Temporal trends and patterns
As of Mar. 4, 31 provinces (100% of mainland China) reported 80,409 COVID-19 cases, with the number of incident cases ranging from 1 to 15,153 per day. The average incidence rate was 5.76 infections per 100,000 persons (range: 0.03-114.02) during the selected period of the COVID-19 epidemic. Outside of the Hubei Province epicenter, Beijing and Shanghai were among the first case-reported provinces for COVID-19 on Jan. 20, 2019. Compared with COVID-19, SARS had a less widely influential area but a longer epidemic duration, and only 24 provinces (77% of mainland China) reported 3,571 SARS cases as of Aug. 3, 2003, with an average incidence rate of 0.41 per 100,000 (range: 0.00-16.72). (Figure. 1).
To illustrate the spread of the two diseases nationally, we plotted the temporal changes in COVID-19 and SARS in 31 provinces in mainland China (Figure. 2, ordered by administrative area code). In most provinces except Hubei, the rate of increase in the number of cases for COVID-19 was fast for the first two weeks and reached a peak at the end of January. On the other hand, the incidence trend for SARS was mostly flat, except in Beijing, Tianjin, Hebei, Shanxi and Inner Mongolia. Notably, compared to SARS, there was an obvious increasing trend for COVID-19 in terms of the number of new cases in 12 provinces, such as Heilongjiang, Shanghai, Jiangsu, Zhejiang, Anhui, Jiangxi, Shandong, Henan, Hubei, Hunan, Chongqing and Sichuan. On the other hand, several provinces in western China, such as Guangxi, Yunnan, Shaanxi, Gansu, Qinghai, Ningxia, Xinjiang and Tibet, had a much lower prevalence for both COVID-19 and SARS.
Identification of spatiotemporal clusters
Through spatiotemporal clustering analysis, we identified 4 high-risk clusters for COVID-19 within 4 cluster time frames (Figure. 3a). The most likely cluster was the epicenter, Hubei, with an RR of 135 compared with the neighboring provinces and the longest high-risk period of 22 days (P < 0.001). Two significant secondary clusters were identified in Zhejiang (from Jan. 28 to Jan. 30, 2020, P < 0.001) and Shandong (in Feb. 20, 2020, P < 0.001), with similar RRs of 1.64 and 1.56, respectively. Another possible cluster was identified in Jiangxi (from Feb. 3 to Feb. 4, 2020, P = 0.982).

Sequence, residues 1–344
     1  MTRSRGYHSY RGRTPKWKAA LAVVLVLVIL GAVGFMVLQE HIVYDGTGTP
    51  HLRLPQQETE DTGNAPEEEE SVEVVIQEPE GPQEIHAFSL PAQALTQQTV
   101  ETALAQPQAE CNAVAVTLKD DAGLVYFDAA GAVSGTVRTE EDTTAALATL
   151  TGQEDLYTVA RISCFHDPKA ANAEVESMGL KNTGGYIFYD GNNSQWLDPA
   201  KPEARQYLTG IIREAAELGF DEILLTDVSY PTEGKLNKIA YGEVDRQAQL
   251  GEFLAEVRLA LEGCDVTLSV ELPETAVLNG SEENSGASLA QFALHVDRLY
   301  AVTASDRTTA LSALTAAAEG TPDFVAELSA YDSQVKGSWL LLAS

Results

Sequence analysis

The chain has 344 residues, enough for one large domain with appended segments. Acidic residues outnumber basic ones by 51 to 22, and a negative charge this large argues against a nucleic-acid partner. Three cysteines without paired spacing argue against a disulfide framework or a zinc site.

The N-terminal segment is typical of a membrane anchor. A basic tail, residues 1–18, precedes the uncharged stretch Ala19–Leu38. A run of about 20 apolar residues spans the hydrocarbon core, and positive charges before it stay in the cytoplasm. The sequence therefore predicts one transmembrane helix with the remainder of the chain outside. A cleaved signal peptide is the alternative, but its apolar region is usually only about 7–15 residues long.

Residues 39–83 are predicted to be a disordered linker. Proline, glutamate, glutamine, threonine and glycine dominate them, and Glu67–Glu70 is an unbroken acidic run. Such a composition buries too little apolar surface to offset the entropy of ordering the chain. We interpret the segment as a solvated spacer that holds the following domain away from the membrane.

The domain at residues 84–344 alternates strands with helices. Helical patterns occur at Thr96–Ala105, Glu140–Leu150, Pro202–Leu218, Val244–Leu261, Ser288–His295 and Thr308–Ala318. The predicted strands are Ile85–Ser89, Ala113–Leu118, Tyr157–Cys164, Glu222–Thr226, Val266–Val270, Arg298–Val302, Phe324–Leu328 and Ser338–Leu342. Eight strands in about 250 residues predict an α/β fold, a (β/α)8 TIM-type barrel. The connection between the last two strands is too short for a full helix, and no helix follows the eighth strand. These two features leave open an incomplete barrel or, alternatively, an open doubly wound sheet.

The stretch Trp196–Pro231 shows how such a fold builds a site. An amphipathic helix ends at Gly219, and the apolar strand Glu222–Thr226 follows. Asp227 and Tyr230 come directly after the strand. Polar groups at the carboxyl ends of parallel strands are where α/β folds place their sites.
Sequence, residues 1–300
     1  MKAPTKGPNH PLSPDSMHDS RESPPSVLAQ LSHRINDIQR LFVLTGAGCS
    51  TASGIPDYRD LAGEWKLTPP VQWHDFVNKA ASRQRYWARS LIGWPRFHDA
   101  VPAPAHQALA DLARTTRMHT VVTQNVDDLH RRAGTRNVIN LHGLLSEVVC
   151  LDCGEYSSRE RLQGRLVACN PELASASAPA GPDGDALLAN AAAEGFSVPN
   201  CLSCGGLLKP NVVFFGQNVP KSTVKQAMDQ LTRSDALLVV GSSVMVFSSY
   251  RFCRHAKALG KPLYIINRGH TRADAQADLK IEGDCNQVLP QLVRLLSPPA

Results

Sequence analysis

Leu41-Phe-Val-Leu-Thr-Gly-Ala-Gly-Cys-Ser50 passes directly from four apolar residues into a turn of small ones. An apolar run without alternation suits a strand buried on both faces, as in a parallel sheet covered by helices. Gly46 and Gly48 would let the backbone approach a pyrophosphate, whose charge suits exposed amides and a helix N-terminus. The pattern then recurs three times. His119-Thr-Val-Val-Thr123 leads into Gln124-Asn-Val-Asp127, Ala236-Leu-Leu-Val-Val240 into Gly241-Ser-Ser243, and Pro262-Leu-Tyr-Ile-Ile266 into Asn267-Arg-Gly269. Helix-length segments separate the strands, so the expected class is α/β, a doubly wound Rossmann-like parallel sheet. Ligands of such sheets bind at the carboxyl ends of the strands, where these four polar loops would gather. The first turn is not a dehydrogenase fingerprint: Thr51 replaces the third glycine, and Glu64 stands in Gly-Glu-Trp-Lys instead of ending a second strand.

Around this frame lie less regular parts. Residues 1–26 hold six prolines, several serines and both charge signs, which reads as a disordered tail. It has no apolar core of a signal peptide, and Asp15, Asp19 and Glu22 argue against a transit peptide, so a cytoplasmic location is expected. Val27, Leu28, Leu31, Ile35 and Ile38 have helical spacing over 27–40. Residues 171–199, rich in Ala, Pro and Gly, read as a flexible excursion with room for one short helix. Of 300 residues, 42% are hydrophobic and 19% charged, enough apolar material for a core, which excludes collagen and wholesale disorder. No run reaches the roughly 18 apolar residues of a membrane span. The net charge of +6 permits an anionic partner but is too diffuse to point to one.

When considering the measure of quarantine in Hubei, the RR of 223 in stage 2 (from Feb. 7 to Mar. 4, 2020) was largely increased compared to the RR of 69 in stage 1 (Jan. 20 to Feb. 6, 2020) (Additional file 1). There were different spatial behaviors and temporal features between the two stages. When excluding cases in Hubei, the high-risk clusters were centered on the areas around Hubei and in Beijing, Shanghai, and Heilongjiang in stage 1, whereas the high-risk clusters were only restricted within the neighborhood areas of Hubei in stage 2. Moreover, the RRs in both stages were significantly decreased for the most likely cluster, with RRs of 3.56 in stage 1 and 5.31 in stage 2 (Additional file 2).
Different from COVID-19, the most likely cluster of SARS was centered on Beijing (Figure. 3b), lasting from Apr. 21 to May. 24, 2003, with the highest RR of 423 and a longest period of 34 days (P < 0.001). Three significant secondary clusters were identified in Shanxi and Hebei (from Apr. 21 to May. 14, 2003, P < 0.001), Guangdong (from Apr. 21 to May. 8, 2003, P < 0.001), and provinces of Jilin, Liaoning, Heilongjiang and Tianjin (from Apr. 27 to May. 11, 2003, P < 0.001), respectively.
The global Moran’s I values for COVID-19 and SARS were − 0.022 and 0.073, respectively (both P > 0.05), which indicated that the case distribution may have been due to chance rather than global autocorrelation (Figure. 4).
The LISA cluster map showed the significant locations color coded by the type of spatial autocorrelation. For COVID-19, the high-low spatial clustering was in Hubei Province. In addition, we identified 4 significant clusters at P < 0.01 and 5 significant clusters at P < 0.05. Specifically, Liaoning, Inner Mongolia, and most western provinces had significantly low-low spatial clustering, whereas Anhui, Hunan and Jiangxi of Central China had significantly low-high spatial clustering. For SARS, two significant high-high (Beijing and Tianjin) and low-high (Hebei) clusters were detected. Sichuan, Tibet and Anhui showed significant low-low clustering (Figure. 4).